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Understanding IRS Collection Due Process

Understanding IRS Collection Due Process

What is a collection due process?

If you have an unpaid debt with the Internal Revenue Service (IRS) that has not been settled, the IRS may conduct collection activities. The IRS uses two main types of collection activity against individuals: Federal Tax Lien Notification (NTFL) and filing a bank levy. The IRS may also require enforcement, which is a type of tax.

If you disagree with the amount of tax that the IRS claims to owe and act promptly, you can file a request for collection due process (CDP) and stop collection activities by awaiting the CDP hearing, but time is of the essence.


What is a collection due process request?

Under Section 6320 of the Internal Revenue Code, you are entitled to a request to be heard before an impartial officer when the IRS has filed a federal tax lien against you or has notified you of the intention to file a lien against you. The two main types of IRS letters are:

• IRS Letter 3172: Notice of Federal Tax Lien File and Your Rights to a Hearing; or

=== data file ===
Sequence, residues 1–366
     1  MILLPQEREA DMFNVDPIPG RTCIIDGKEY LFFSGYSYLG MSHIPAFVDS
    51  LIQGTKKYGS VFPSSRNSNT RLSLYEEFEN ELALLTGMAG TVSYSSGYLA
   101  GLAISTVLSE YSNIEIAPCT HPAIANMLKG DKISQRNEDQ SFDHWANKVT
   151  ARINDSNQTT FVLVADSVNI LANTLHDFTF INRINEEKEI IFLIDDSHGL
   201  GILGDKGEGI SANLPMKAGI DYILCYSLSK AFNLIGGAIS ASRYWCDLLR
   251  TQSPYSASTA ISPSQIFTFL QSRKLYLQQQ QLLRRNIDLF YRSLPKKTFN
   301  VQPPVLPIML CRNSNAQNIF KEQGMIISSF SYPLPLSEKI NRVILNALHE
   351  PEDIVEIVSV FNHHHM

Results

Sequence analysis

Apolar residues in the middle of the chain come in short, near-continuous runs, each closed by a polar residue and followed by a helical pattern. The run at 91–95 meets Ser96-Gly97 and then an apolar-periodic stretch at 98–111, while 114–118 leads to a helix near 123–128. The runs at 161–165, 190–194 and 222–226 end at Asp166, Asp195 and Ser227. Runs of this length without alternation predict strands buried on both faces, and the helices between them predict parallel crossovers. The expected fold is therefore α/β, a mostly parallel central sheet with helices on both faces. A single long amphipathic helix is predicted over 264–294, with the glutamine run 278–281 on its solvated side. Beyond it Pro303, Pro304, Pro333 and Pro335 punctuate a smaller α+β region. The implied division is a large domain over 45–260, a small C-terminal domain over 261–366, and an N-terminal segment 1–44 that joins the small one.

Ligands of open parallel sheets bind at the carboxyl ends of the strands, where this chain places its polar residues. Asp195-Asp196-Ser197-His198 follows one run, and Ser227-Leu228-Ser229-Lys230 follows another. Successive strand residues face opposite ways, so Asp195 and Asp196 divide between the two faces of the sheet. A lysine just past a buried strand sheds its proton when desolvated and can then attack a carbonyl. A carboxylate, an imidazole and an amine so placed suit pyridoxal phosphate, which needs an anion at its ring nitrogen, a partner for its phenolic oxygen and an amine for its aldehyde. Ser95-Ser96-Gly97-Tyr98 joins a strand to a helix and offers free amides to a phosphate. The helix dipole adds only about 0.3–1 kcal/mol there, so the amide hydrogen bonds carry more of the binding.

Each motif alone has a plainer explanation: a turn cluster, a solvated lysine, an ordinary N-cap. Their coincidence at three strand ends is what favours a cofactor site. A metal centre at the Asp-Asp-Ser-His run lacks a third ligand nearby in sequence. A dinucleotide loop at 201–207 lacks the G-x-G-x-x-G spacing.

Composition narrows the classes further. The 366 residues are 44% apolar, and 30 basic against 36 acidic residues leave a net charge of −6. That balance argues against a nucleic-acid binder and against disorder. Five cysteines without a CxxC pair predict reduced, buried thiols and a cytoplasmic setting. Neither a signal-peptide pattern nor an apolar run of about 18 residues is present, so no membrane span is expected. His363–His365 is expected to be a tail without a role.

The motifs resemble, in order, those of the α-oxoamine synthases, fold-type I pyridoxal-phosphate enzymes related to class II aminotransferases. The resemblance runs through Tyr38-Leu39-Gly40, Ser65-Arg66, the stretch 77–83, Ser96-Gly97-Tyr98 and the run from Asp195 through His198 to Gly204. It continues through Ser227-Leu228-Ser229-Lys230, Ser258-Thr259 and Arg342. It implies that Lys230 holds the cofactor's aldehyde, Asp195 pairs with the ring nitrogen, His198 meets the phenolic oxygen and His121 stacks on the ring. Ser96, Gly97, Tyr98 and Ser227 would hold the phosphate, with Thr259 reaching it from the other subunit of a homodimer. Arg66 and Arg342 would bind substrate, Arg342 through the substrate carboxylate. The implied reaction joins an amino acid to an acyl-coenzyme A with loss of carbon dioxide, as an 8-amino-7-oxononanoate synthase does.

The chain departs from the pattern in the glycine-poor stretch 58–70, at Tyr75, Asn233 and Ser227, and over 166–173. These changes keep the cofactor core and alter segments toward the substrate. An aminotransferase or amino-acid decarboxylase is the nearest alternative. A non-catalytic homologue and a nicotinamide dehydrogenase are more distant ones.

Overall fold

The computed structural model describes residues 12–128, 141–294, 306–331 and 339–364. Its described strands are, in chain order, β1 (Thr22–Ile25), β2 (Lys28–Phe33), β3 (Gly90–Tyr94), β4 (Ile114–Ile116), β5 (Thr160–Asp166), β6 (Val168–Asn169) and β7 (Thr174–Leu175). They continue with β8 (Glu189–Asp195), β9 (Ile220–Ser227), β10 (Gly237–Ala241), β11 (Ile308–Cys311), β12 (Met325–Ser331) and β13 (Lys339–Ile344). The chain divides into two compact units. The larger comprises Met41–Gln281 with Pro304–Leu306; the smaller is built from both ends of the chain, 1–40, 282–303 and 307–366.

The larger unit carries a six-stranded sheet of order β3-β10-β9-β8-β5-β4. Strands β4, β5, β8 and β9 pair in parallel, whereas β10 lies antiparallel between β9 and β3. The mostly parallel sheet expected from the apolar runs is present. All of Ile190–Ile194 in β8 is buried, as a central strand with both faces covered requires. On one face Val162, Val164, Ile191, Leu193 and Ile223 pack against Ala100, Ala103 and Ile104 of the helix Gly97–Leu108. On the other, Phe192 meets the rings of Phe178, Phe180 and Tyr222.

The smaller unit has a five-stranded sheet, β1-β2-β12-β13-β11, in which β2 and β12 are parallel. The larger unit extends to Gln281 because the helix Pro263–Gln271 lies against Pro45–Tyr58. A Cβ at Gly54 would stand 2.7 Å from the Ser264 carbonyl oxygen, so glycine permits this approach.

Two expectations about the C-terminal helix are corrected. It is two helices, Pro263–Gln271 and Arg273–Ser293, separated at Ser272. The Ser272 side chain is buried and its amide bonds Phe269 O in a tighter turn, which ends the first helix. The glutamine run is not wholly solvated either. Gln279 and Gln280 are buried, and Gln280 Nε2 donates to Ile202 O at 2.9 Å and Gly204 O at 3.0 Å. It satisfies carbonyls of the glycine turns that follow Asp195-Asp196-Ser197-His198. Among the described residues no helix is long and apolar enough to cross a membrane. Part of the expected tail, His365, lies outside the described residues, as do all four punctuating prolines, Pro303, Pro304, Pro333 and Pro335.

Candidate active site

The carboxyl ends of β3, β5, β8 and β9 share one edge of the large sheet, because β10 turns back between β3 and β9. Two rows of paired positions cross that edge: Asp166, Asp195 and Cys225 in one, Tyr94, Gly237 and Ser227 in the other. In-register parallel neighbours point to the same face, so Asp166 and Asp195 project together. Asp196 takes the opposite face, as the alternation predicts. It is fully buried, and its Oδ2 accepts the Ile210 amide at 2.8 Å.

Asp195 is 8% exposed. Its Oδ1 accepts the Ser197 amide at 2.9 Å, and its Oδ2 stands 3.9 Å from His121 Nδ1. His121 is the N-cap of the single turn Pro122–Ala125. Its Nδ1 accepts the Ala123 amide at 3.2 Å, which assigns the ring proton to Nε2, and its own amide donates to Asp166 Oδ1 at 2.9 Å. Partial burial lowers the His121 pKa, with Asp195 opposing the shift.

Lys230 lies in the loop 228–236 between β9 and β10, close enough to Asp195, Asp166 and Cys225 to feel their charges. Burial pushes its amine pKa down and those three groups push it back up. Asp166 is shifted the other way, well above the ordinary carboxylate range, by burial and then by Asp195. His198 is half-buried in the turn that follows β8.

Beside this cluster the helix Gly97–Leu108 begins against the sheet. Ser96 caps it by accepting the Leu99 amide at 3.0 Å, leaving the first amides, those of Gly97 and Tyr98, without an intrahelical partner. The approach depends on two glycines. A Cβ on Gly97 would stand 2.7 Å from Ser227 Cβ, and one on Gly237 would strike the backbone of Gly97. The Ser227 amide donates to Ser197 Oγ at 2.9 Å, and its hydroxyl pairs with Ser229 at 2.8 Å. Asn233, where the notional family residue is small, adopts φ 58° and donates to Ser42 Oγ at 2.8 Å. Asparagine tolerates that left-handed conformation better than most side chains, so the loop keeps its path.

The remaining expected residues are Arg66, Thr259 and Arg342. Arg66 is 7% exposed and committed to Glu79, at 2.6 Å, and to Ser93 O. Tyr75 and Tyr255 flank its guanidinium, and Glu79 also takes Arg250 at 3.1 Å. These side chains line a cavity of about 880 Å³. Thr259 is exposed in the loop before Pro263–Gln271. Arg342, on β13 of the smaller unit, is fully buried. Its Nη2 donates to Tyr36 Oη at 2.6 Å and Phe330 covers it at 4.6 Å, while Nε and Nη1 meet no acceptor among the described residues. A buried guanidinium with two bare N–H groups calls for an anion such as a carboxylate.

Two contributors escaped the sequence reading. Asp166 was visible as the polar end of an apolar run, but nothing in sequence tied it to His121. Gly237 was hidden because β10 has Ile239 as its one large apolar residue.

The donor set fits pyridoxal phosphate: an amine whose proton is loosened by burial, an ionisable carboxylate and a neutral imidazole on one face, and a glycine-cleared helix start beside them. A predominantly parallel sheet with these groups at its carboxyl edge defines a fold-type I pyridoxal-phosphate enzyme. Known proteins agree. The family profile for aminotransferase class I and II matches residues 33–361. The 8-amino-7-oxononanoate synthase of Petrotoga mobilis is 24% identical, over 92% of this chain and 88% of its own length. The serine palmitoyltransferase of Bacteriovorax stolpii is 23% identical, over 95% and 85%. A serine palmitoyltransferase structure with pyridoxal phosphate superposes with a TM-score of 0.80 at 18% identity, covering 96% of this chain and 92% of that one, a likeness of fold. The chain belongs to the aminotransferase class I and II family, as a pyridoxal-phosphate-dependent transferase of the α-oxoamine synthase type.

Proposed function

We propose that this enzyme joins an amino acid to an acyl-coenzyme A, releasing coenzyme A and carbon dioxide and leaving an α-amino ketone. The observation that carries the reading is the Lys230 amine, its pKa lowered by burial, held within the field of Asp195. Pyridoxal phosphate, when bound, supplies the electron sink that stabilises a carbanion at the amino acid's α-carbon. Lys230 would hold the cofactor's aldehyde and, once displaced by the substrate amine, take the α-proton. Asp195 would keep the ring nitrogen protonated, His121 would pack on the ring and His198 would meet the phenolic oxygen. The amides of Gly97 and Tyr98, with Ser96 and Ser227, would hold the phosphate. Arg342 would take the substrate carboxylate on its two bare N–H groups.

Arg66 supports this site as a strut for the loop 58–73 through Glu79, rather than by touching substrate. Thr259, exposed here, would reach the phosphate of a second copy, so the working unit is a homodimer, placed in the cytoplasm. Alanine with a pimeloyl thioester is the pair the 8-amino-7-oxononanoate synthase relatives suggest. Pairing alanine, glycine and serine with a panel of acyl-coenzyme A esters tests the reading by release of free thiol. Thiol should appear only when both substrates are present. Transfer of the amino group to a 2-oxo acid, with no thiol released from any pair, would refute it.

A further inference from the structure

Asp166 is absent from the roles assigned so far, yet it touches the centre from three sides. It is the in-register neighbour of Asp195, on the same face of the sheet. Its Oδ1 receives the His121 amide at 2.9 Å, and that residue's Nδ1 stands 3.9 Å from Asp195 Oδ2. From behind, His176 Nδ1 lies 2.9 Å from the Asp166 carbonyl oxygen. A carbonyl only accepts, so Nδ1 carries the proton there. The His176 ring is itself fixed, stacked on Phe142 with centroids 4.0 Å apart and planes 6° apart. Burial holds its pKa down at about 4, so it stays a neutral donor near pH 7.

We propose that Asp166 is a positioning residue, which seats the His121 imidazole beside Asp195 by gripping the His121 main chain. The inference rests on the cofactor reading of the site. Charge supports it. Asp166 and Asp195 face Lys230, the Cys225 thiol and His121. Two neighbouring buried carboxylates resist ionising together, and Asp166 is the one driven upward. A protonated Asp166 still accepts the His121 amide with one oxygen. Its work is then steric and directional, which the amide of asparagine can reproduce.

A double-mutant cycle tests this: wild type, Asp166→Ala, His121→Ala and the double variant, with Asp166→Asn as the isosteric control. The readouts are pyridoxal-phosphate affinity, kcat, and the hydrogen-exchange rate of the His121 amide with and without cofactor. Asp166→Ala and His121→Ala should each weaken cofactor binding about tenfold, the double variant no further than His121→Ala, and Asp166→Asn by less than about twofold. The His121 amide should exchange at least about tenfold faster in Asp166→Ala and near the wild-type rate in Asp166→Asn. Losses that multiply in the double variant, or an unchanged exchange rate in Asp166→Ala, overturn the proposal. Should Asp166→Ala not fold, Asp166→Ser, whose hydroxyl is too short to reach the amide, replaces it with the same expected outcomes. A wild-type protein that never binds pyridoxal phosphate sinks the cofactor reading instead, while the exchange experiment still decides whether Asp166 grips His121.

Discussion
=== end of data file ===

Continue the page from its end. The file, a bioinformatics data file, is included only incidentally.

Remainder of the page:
• IRS Letter 1058: Notice of Intent To Levy and Notice of Your Right to a Hearing

After receiving a notice from the IRS regarding notice of levy or lien, you usually have 30 days from the date of the letter to file a collection due process request.


What is a Federal Tax Lien Notice?

A federal tax lien can have serious consequences. Indeed, if the lien relates to your home, it can be very difficult to refinance a home. Plus, it can scare off potential buyers by preventing them from buying your home, as anything IRS-related has a way of instilling fear into everyone in your path. If the buyer finds out about the lien during a title search of your home, they might bail on you.

The only good thing is that the IRS, in general, cannot "force the sale" of your property; Instead, once the property has been sold (or mortgaged), the IRS can try to take money out of it.


What is a Notice of Intent to Levy?

A notice of levy is a bigger problem because it can have an immediate financial impact on your life. If you receive a notice of intent to levy your bank account, the IRS will attempt to confiscate your funds from your bank account immediately. If you disagree with any part of the debt that the IRS claims to have, you must file a collection due process request within 30 days of receiving the notice. This is because once the levy has been issued on your bank account, the IRS can withdraw any money you have in your account to pay off the tax debt (although once the levy is posted, you will still have 21 days to try to get the levy removed).

Remember that if the IRS charges a lot of money for any reason, it is your responsibility to request a refund from the IRS. If you think the IRS usually doesn't respond, try to get a response from the IRS when you request a refund.


How does the collection due process appeal process work?